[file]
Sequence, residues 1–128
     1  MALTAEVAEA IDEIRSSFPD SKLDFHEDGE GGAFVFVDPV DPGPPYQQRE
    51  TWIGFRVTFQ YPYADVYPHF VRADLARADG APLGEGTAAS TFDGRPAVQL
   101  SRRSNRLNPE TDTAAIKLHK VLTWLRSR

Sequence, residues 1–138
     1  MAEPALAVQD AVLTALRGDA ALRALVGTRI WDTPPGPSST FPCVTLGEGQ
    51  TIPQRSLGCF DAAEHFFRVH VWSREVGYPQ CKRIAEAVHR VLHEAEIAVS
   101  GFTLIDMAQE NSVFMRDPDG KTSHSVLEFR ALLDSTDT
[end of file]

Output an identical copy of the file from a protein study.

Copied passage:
Sequence, residues 1–128
     1  MALTAEVAEA IDEIRSSFPD SKLDFHEDGE GGAFVFVDPV DPGPPYQQRE
    51  TWIGFRVTFQ YPYADVYPHF VRADLARADG APLGEGTAAS TFDGRPAVQL
   101  SRRSNRLNPE TDTAAIKLHK VLTWLRSR

Sequence, residues 1–138
     1  MAEPALAVQD AVLTALRGDA ALRALVGTRI WDTPPGPSST FPCVTLGEGQ
    51  TIPQRSLGCF DAAEHFFRVH VWSREVGYPQ CKRIAEAVHR VLHEAEIAVS
   101  GFTLIDMAQE NSVFMRDPDG KTSHSVLEFR ALLDSTDT